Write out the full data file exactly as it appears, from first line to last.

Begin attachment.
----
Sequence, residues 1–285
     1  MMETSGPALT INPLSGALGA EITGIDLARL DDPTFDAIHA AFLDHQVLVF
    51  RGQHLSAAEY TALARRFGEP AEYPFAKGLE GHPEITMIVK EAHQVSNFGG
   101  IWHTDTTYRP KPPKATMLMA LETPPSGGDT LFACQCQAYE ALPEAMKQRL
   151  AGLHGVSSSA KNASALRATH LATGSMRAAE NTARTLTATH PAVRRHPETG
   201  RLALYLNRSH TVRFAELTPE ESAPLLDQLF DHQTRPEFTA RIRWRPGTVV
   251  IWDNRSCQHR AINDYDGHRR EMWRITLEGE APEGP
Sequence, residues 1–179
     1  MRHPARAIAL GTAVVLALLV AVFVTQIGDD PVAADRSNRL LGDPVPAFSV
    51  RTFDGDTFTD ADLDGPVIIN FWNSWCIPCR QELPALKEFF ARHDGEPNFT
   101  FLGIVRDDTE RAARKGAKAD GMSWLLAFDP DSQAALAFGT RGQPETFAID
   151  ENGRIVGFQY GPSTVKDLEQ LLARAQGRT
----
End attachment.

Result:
Sequence, residues 1–285
     1  MMETSGPALT INPLSGALGA EITGIDLARL DDPTFDAIHA AFLDHQVLVF
    51  RGQHLSAAEY TALARRFGEP AEYPFAKGLE GHPEITMIVK EAHQVSNFGG
   101  IWHTDTTYRP KPPKATMLMA LETPPSGGDT LFACQCQAYE ALPEAMKQRL
   151  AGLHGVSSSA KNASALRATH LATGSMRAAE NTARTLTATH PAVRRHPETG
   201  RLALYLNRSH TVRFAELTPE ESAPLLDQLF DHQTRPEFTA RIRWRPGTVV
   251  IWDNRSCQHR AINDYDGHRR EMWRITLEGE APEGP
Sequence, residues 1–179
     1  MRHPARAIAL GTAVVLALLV AVFVTQIGDD PVAADRSNRL LGDPVPAFSV
    51  RTFDGDTFTD ADLDGPVIIN FWNSWCIPCR QELPALKEFF ARHDGEPNFT
   101  FLGIVRDDTE RAARKGAKAD GMSWLLAFDP DSQAALAFGT RGQPETFAID
   151  ENGRIVGFQY GPSTVKDLEQ LLARAQGRT